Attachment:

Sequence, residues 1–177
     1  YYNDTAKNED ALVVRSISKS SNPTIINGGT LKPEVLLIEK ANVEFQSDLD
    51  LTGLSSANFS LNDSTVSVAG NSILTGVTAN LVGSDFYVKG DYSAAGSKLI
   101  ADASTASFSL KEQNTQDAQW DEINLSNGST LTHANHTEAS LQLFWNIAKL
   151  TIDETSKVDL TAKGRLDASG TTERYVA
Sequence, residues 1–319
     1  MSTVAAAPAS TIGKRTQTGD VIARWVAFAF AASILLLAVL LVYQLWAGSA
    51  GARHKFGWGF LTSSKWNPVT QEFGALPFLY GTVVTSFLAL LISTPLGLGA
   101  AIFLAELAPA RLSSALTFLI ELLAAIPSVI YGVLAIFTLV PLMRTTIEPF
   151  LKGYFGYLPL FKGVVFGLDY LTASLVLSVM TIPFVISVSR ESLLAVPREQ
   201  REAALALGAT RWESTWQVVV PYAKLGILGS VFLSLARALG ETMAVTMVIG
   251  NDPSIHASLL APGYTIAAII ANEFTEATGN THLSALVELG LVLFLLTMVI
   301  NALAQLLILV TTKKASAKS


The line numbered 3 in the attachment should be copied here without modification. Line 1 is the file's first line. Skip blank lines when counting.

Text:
    51  LTGLSSANFS LNDSTVSVAG NSILTGVTAN LVGSDFYVKG DYSAAGSKLI